Add Jay Kislak, a prominent south Florida banker who has been out of the industry for a while, to the list of those aiming to buy a failed bank.
Kislak, now the chairman of the real estate investment company J.I. Kislak Inc., has applied to receive a shelf charter from the Office of the Comptroller of Currency. He is personally putting up the $15 million of capital behind the proposed JIK National Bank in Miami Lakes and intends to be its chairman.
Tom Bartelmo, who would be a director at the bank, said the goal is to take over a Florida failure with up to $200 million of assets, but the organizers could secure more capital for a bigger buy if a desirable target comes along.
"Our interest initially is south Florida, but we would look throughout the state," said Bartelmo, the president and chief executive officer of J.I. Kislak.
Only three shelf charters have been approved since the OCC introduced the option last fall — the most prominent of those being Ford Bank Group in Dallas, organized by the billionaire bank investor Gerald Ford.
The shelf charter is meant to help attract more capital into the industry, by making it easier for qualified nonbank bidders to compete for failures.
Though none of those with a shelf charter have won a failed bank so far, Russ Hunt, the CEO of the investment bank Kendrick Pierce & Co. in Tampa, said it is just a matter of time.
"These are really, really smart guys with a lot of money behind them, and they are going to find the right entry point," he said. "For someone like Ford, if they have a substantial amount of capital to invest, buying a small bank isn't attractive. They are waiting on the fat pitch."
Charles "Stormy" Greef, a managing partner at the law firm Hunton & Williams LLP in Dallas, said regulatory uncertainty might have stalled some activity with the shelf charters — both in the number of those applying for one and in their bidding on failed banks.
Greef said he expects more to apply now that the Federal Deposit Insurance Corp. has reconsidered the rules it would impose on those without existing banks who win the bidding for a failed institution.
In its final guidelines, the FDIC said private investors who buy a failed bank must maintain a leverage ratio of 10%. That is down from 15% in a July proposal.
Such buyers also must keep the bank for at least three years.
Greef said the guidelines — while not as harsh as the original proposal — would still put nonbank bidders at a disadvantage. To make a deal viable would be more of a challenge for them, because a typical bank only needs a 5% leverage ratio to be considered well capitalized.
Nonetheless, "there is a lot of interest in the shelf charter," Greef said. "We are going to see considerable activity in that area."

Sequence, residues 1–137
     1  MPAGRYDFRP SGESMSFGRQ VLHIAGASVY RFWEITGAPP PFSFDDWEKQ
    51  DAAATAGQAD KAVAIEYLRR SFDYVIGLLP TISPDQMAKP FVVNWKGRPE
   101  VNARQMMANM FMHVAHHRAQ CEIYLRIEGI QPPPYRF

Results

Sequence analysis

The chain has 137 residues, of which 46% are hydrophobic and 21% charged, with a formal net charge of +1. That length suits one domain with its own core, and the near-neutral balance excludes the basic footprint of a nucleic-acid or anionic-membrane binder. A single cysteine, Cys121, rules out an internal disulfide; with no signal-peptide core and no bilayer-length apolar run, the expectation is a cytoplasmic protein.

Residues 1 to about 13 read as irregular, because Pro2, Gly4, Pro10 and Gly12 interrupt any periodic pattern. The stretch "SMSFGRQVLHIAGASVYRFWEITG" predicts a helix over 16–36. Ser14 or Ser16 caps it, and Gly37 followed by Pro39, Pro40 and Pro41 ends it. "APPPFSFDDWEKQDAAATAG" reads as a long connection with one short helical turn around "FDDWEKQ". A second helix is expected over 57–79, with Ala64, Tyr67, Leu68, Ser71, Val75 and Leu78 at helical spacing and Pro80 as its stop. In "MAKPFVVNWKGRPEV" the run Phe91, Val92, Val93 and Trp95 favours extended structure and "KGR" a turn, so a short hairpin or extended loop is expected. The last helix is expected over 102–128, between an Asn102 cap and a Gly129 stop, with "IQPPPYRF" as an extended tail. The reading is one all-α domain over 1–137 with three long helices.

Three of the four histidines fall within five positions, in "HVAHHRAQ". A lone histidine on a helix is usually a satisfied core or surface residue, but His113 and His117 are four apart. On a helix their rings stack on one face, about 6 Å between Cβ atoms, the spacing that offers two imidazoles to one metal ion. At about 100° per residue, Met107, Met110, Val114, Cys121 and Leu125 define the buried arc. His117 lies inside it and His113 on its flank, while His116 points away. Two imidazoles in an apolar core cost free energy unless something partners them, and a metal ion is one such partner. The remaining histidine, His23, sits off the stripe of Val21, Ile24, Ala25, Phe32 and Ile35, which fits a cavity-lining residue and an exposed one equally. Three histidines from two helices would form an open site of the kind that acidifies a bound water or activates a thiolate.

Greef said he knows of several applications that are already in the works.
An inflatable charter through the OCC is another option for private investors looking to bid on failures. With this type of charter, investors can acquire a small bank for the purpose of bidding, J. Christopher Flowers did with the $14 million-asset First National Bank of Cainesville in Missouri.
Like those with shelf charters, Flowers, the managing director of the New York private-equity firm J.C. Flowers Inc., has not bought a failure yet either.
Kislak filed his application for a shelf charter June 18, and Bartelmo said the organizers hope to get approval in the next few months.
Observers said that Kislak has a solid track record in banking.
He had been the chairman and CEO at Kislak National Bank for 20 years, before selling it in 2004 for $158 million in cash to Banco Popular North America in Chicago.
He grew the family-owned bank from less than $100 million of assets to nearly $1 billion.
"They have good reputations on the banking side," Hunt said. "They were successful in Florida in the past and will be so in the future."
The year before its sale Kislak National had a return on equity of 15.39% and a return on assets of 1.22%, which was in line with Florida banks of similar size, according to FDIC data. Banks in the state with assets of $500 million to $1 billion had an average ROE of 15.11% and an average ROA of 1.28%.
Bartelmo said Kislak had exited banking because lending had become too commoditized. But he said that both he and Kislak believe the recent market disruption — and the resulting shakeout of "questionable" lenders — will lead to a revival of the community banking model.
"Now that so much has hit the marketplace, we think people with experience, such as we have, would be ideal operators of an institution," Bartelmo said. "You can get back to conventional lending and knowing your customer."
Kislak is not the only one targeting failures in Florida, which observers say is an attractive market despite its current real estate woes.
The newly reinvigorated BankUnited in Coral Gables, Fla., is also on the lookout for acquisitions in its home state.
A group of private-equity investors including W.L. Ross & Co. bought the failed $11 billion-asset thrift directly from the FDIC in May, the only instance in which such buyers have done so in this down cycle. All the other failures that the FDIC sold immediately have gone to bidders with an existing bank.
The investors injected $900 million of fresh capital and installed John Kanas, a highly regarded veteran banker, as the president and CEO. Kanas has said he aims to scoop up other failures and strugglers.
The $450 million-asset American Momentum Bank in Tampa is another hopeful. The super start-up, which opened in late 2006 with $100 million in capital, is looking for acquisition targets in both its home state and Texas, said Sam Davis, its president and chief operating officer.
Davis, who said he considers acquisitions daily, believes that bidding for failures in south Florida is going to be especially competitive.
"There certainly has been demonstrated appetites from private equity and existing banks," Davis said.